MIKE G Taken by Mac Miller
YOOOOOOOOO THIS IS PERFECT ON SO MANY LEVELS
You Know Kendrick is Killing it , when Pharell got the SQUIDWARD face just vibing!!
“You Know Kendrick is Killing it , when Pharell got the SQUIDWARD face just vibing!!”
Song of the Day, Pusha Man, on Chance the Rapper’s relatively new album, Acid Rap. This song conveys the erratic energy of Chance’s album. Practically two songs, with two completely different energies. The beginning refers sexual references the tone is mellow. “I got that mmm mmm, I got that God damn, I’m your pusha man…” Chilidish Gambino makes another appearance on the background vocals. However, after a moment of silence a new beat drops, a sad melodic transfusion of tones which adds to the whole sporadic feeling that acid rap is supposed to acquire to it’s listeners. “I been running around with my blunt on my lips, and my gun on my hip…” Being a pusha man takes on a whole new meaning.
Chance the Rapper’s new mixtape Acid Rap has been hailed as anything but conventional. In an interview with MTV, Chance describes this release as “acid jazz influenced,” as well as a “critical discourse analysis that evokes people to analyze words and rhetoric.” This marks a departure from the more standard hip-hop on 10 Day, the Chicago rapper’s first mixtape. Watch the full interview here.
That Chance The Rapper released his second mixtape, Acid Rap, on April 30, during Chicago’s first truly summer-like day of the year hardly seems coincidental. Summer invites conflicting emotions in the city, especially near the South Side neighborhoods where Chance was raised. On one hand, the warm weather signals the return of cookouts, beach trips, and exposed skin, but it also brings with it the skyrocketing threat of gun violence. And sure enough, like cruel clockwork, once temperatures in Chicago hit the 80s on April 30, shootings claimed three lives and left more than a dozen others wounded. Chance captures both sides of summer on Acid Rap, an intoxicatingly soulful listen that’s often as bright and joyous as those long-awaited first days of open-window weather, but also that’s sobered by the understanding that the city’s most beautiful days are also its most dangerous. “It just got warm out, this the shit I’ve been warned about / I hope that it storm in the morning, I hope that it’s pouring out,” the 20-year-old raps with shell-shaken timidity on “Pusha Man.” “Everybody dies in the summer,” he shivers, “so pray to God for a little more spring.”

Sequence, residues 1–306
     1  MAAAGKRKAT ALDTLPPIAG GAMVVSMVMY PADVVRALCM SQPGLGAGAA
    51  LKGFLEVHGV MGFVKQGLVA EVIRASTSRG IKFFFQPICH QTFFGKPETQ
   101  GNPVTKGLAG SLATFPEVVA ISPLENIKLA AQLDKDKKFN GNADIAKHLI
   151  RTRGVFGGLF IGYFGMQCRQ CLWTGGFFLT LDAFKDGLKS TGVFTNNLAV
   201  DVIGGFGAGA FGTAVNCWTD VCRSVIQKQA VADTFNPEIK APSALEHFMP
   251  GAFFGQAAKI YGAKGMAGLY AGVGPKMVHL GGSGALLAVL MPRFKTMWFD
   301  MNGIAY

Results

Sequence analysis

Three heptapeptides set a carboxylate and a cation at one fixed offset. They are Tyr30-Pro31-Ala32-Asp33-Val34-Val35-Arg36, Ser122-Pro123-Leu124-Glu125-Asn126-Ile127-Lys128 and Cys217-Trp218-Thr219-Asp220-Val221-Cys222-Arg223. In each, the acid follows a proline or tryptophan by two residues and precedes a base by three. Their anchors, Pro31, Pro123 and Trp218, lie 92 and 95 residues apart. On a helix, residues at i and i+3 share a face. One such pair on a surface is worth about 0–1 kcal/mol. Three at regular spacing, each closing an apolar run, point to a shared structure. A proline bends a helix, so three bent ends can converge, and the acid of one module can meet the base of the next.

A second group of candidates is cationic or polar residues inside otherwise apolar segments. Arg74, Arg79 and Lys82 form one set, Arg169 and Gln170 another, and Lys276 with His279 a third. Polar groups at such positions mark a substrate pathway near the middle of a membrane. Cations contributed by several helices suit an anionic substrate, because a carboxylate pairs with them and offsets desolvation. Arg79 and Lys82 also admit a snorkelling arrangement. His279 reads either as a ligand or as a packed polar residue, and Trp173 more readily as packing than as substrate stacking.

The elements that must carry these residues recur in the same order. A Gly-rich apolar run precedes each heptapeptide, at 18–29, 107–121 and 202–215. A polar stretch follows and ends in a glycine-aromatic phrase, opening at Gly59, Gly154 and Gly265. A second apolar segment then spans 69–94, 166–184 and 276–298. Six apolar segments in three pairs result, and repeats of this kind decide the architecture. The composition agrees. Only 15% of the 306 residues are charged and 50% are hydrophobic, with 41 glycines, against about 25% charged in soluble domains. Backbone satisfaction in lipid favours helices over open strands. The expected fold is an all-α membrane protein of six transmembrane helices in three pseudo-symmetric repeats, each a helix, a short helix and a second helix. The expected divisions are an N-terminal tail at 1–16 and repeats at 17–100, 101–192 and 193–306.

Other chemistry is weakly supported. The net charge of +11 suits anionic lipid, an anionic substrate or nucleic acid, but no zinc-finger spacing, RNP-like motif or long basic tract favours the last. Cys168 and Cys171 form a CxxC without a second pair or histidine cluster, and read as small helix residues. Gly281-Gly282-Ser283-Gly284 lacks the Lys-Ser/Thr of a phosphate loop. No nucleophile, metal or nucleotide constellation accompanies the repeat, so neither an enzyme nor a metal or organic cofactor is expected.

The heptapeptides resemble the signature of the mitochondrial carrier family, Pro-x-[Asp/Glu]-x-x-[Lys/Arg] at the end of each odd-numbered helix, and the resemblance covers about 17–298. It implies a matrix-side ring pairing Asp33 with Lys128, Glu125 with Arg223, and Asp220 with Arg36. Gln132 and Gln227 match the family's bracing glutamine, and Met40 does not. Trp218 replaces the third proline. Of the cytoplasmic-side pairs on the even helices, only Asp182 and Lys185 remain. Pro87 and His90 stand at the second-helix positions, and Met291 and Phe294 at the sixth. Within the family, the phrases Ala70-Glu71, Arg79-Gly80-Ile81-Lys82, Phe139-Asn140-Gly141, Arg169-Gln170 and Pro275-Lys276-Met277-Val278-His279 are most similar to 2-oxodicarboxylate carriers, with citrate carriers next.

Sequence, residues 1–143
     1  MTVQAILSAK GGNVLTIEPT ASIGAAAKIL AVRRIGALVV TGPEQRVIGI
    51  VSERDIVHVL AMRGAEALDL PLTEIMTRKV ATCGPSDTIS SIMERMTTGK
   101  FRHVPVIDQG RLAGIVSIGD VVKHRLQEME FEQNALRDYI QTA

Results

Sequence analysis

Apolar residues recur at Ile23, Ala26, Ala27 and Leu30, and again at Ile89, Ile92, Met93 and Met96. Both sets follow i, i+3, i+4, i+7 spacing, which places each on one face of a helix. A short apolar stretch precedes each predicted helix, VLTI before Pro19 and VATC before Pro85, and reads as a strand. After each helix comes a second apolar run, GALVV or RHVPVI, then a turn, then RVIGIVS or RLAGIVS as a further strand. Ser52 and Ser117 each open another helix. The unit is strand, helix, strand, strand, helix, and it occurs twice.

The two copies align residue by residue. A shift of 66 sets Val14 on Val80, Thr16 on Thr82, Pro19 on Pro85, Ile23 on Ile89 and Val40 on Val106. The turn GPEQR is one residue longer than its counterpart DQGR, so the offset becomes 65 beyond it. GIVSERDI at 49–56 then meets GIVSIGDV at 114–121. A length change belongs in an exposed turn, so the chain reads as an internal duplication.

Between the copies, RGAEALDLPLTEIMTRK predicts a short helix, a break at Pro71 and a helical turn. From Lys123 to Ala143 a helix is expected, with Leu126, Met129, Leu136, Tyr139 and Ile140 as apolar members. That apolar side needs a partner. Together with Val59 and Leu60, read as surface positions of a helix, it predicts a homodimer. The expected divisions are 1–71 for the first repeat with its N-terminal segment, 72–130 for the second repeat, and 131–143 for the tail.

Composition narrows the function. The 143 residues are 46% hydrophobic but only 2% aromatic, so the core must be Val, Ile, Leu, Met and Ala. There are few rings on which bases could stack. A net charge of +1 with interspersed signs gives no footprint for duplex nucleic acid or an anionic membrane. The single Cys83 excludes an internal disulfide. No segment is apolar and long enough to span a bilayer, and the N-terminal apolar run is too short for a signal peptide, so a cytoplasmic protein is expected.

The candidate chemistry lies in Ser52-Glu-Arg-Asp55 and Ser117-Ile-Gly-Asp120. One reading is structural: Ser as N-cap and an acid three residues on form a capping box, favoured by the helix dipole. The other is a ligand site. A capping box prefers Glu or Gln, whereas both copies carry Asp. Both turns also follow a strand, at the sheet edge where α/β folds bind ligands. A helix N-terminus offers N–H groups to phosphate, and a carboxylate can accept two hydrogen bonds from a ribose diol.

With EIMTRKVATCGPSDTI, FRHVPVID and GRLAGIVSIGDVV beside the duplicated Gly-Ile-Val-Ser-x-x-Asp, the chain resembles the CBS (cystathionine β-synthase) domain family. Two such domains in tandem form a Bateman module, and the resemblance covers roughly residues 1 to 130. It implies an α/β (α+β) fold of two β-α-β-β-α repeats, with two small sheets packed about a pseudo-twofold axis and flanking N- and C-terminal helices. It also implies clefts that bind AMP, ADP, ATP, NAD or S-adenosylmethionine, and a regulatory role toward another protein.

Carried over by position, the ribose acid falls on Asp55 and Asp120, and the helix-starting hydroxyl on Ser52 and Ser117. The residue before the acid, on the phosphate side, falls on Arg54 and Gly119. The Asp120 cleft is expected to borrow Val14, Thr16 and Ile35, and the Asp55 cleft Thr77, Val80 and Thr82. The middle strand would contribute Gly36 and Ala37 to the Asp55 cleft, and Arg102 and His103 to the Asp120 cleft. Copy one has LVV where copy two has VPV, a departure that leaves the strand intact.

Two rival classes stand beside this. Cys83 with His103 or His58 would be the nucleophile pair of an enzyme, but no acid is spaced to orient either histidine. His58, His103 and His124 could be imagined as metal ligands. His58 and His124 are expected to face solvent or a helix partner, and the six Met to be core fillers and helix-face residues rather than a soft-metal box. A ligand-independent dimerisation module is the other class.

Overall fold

Acid Rap’s portraits of growing up amid temptation and crossfire feel familiar; Kendrick Lamar explored these themes exhaustively just six months ago on Good Kid, M.A.A.D. City. As a young natural-born rapper with a showy technique and a nonsensical accent—he rhymes in a squawky, groggy scat that thankfully proves less grating than it seems on first exposure—Chance is destined to attract Lamar comparisons, and that’s fair, given that he seems to have cribbed at least a few ideas from his West Coast counterpart. There’s no mistaking the rappers’ personalities or presences, though. Where Lamar is saddled with a teetotaler’s conscience, Chance is a transparent druggie with a smoker’s voice and a stoner’s wandering mind. He telegraphs his drug use at every turn; it’s visible in his bloodshot eyes, and you can smell it on his cigarette-burned hoodie. And where Lamar is fundamentally left-brained, Chance is, true to his jazz singer’s voice, free and impulsive, an unabashed romantic. He vests every story with open-hearted emotion, whether he’s reliving a woozy hookup on “Lost” (“Damn, I’m in so deep / Probably cause you’re empty / You can’t even speak / Damn your mouth so minty”) or hiding from the ghost of a murdered friend on “Acid Rain” (“I seen it happen, I see it always / He still be screaming, I see his demons in empty hallways.”)
What’s most amazing about Acid Rap isn’t Chance’s talent, but how eagerly he employs it. There’s hardly a track where he isn’t pushing or testing himself, or somehow going out of his way to dazzle with torrential wordplay or euphoric, dopamine-pumped production. More than a shared ear for feel-good soul, it’s that mastery of the wow factor that positions Chance as a successor to fellow Chicagoan Kanye West. What he’s accomplished with Acid Rap is nothing short of remarkable: Just two years removed from high school, and with no label support, he’s crafted the most assured breakthrough Chicago rap release since The College Dropout.
Chance The Rapper - Acid Rain
Ebonee’s DJ-ing Adventures
Back in the day when.. let me stop. My father, the infamous DJ Quiz passed his notes to his daughter, Dj Souled Out (on the ones and twos). Our opinion of bonding time is by bonding through music. So we headed to Rodney’s house (the guy in the red) and turned on the Serrato. This was my first time ever practicing my skills, and it is not that easy.
TommyPom digs Converse’s new music Tumblr.
On his 39th birthday, here’s 39 pieces of J Dilla tribute art —> http:// bit.ly/d1llArt
Summer 2011: Swag shit, Obey Snapbacks, Jordans
Winter 2011: The Weeknd, Hipster shit, Doc Martens